1. Reduce stress (and risk)

Even if your debt is clear, your cash flow can have accidents. An Income Protection Policy to cover your salary will indemnify you for a few hundred rand a month.  If illness or injury means you can’t earn, you’ll still be able to pay the rent and bills. It’s peace of mind at a low price.

 

  1. Invest in bulls and bears

Wealth is wild, but cash doesn’t create wealth by itself. Try trading in stocks and bonds to convert cash to capital. It’s a vast subject that a stock broker can guide you through. Don’t be afraid to start small. It’s well worth investing money you can afford to lose because changes in the market, in the global political climate and public sentiment all, affect your profits. This handy quiz from the JSE(Johannesburg Stock Exchange) and its tailored tutorials will boost your confidence so you can start coining it sooner.

 

  1. Buy bitcoin. Now.

Once laughed at, the now-lauded digital currency is fast gaining a reputation as – ahem – the next bit thing at $20k apiece. Cryptocurrency is unpredictable but less cryptic than it might seem though it takes a little  getting used to. It’s a volatile asset with high risks and high returns so it suits certain types of investors. Are you bitcoin’s type? You are if you want to invest in a currency that’s cheaper, safer and easier to use, but some fear its seemingly unstoppable rise will end in an inevitable crash and subsequent collapse.  We suggest you move fast, but not speed dating-fast. And keep it casual at first; there’s also ethereumripple and the eco-friendlier Burstcoin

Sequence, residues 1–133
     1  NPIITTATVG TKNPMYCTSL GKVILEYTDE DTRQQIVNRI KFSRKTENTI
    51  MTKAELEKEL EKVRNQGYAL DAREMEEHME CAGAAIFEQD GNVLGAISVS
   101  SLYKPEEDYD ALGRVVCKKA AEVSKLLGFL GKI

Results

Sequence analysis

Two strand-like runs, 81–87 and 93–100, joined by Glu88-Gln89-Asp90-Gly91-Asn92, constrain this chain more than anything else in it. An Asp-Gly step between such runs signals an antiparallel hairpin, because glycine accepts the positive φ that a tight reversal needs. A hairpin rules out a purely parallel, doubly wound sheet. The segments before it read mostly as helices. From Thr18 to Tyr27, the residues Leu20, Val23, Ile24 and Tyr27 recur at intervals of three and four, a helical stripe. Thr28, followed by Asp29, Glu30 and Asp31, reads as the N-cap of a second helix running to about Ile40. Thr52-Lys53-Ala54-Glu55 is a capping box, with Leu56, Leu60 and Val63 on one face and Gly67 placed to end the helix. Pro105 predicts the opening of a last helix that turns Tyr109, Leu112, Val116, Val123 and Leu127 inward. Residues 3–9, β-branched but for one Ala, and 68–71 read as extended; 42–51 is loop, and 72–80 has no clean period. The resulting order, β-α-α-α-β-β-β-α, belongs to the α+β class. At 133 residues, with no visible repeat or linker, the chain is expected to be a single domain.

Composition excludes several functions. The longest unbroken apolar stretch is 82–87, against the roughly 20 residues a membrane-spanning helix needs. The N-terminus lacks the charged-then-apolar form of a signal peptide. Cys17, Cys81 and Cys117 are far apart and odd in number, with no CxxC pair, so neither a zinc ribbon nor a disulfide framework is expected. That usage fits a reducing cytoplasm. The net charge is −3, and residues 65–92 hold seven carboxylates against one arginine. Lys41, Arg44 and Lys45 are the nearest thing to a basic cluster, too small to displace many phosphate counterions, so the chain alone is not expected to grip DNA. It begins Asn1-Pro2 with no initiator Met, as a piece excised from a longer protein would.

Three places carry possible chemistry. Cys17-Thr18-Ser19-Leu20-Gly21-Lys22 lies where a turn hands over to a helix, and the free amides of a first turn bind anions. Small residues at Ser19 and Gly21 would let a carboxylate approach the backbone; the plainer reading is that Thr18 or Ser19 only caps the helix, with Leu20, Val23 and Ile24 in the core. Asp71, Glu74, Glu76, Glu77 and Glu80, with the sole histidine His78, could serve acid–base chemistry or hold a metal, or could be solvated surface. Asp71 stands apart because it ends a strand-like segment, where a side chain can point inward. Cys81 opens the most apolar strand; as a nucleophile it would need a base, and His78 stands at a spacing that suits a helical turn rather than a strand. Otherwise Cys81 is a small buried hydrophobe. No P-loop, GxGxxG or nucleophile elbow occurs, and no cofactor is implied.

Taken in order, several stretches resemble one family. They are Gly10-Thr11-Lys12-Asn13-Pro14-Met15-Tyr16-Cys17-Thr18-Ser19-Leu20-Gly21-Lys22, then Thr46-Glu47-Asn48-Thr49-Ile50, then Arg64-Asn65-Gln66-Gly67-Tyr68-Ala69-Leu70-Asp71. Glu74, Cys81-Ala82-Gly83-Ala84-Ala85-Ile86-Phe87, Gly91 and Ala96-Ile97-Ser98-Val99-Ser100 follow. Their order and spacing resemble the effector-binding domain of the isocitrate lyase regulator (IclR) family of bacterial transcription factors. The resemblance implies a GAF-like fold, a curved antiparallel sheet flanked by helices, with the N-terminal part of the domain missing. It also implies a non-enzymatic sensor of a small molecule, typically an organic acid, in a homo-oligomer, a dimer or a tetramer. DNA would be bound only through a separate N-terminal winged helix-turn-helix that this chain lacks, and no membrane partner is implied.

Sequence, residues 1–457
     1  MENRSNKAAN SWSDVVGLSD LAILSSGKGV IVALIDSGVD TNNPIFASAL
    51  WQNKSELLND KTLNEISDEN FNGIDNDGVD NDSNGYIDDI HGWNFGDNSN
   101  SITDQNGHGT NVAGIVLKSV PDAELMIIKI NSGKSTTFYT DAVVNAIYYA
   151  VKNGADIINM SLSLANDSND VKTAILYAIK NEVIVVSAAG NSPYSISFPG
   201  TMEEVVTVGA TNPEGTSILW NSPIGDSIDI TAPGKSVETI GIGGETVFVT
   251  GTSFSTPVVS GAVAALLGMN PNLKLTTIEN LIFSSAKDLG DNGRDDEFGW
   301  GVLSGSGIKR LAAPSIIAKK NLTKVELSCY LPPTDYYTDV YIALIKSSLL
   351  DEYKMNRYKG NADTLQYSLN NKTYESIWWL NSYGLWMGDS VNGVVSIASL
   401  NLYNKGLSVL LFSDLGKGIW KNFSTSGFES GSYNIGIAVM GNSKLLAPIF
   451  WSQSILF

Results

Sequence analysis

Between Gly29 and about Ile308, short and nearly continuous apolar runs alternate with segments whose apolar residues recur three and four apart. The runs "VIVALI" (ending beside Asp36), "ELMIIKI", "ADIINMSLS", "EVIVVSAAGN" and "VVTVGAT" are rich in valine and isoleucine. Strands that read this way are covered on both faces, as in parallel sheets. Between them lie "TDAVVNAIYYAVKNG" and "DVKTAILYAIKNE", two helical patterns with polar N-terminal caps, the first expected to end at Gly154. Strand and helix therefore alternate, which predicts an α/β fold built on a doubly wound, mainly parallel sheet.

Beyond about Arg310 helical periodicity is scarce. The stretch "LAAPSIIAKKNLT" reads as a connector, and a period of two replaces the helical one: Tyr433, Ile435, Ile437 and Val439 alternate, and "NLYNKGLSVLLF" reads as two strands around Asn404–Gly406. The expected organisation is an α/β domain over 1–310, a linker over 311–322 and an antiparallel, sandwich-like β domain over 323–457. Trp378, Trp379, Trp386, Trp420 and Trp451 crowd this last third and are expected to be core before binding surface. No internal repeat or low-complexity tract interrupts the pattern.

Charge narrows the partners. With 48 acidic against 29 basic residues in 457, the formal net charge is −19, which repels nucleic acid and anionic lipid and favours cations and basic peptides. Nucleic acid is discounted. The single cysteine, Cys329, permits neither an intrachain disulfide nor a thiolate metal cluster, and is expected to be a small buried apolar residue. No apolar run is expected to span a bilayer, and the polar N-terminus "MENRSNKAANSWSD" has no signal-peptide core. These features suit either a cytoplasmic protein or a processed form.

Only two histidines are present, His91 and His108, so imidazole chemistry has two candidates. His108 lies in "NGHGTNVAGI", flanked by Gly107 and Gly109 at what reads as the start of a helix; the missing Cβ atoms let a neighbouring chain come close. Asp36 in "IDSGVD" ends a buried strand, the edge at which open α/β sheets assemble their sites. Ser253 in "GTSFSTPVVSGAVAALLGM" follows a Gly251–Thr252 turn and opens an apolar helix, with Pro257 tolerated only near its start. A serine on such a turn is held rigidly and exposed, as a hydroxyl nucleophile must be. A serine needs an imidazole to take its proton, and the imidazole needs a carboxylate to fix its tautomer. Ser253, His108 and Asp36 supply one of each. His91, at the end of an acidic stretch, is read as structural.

1. Can you say RA?

Slower and steadier than virtual stocks, a Retirement Annuity (or Pension Fund) grows with you and is more than an asset, it’s a tax-deductible investment that lets you can claim tax back. This means it counts as a saving as well. And why shouldn’t investing in your future be a bonus?

 

  1. Do property properly

Why rent when you can own? While volatile interest rates and rampant inflation make this a contentious issue, the property offers potentially huge returns. It also requires an equally huge capital outlay and profits can be slow depending on the opportunity and your experience, but they’re generally steadier than the stock market’s are and you can live in this asset, too.

 

TLDR? Try this list:

  1. Spend less
  2. Save more
  3. Track your spend like a sniper
  4. Cash hack – credit card win
  5. Pay it back in cold, hard cash
  6. Credit hack – pay the worst first
  7. Deep in debt? You’re not alone
  8. Reduce stress (and risk) with income protection
  9. Invest in bulls and bears
  10. Buy bitcoin. Now.
  11. Can you say RA?
  12. Do property properly

 

Remember:

  • Sometimes we’re better at forming new habits when we chop it into chunks. Rome wasn’t built in a day and bitcoin didn’t go ka-ching Take your time and profit from the process. Literally.
  • Learn more by following financial and fintech thought leaders and publications of repute and bloggers.
  • Get a reliable financial advisor with a proven track record and a solid reputation. S/he should come at an affordable rate (relative to your policies and investments) and, by law, keep your financial reality and best interests in mind. It’s called Treat Customers Fairly and it’s an act designed for you.
  • Follow “Wealth 101”, our blog series exploring wealth-generation. This is part one and you are already profiting from it. Metaphorically. Here’s to making money out of metaphor!

Sources

  • https://www.iol.co.za/personal-finance/10-things-about-debt-counselling
  • https://www.forbes.com/sites/mayakachroolevine/2016/12/20/12-actually-attainable-financial-new-years-resolutions-to-tackle-in-2017/2/
  • https://www.essentials.co.za/money-work/10-best-money-saving-money-making-apps
  • https://www.ft.com/content/68dce2ce-c6a5-11e6-9043-7e34c07b46ef
  • https://www.biography.com/.image/c_limit%2Ccs_srgb%2Cq_80%2Cw_960/MTE4MDAzNDE2MzY3MjY5Mzkw/karate-kid-editedjpg.webp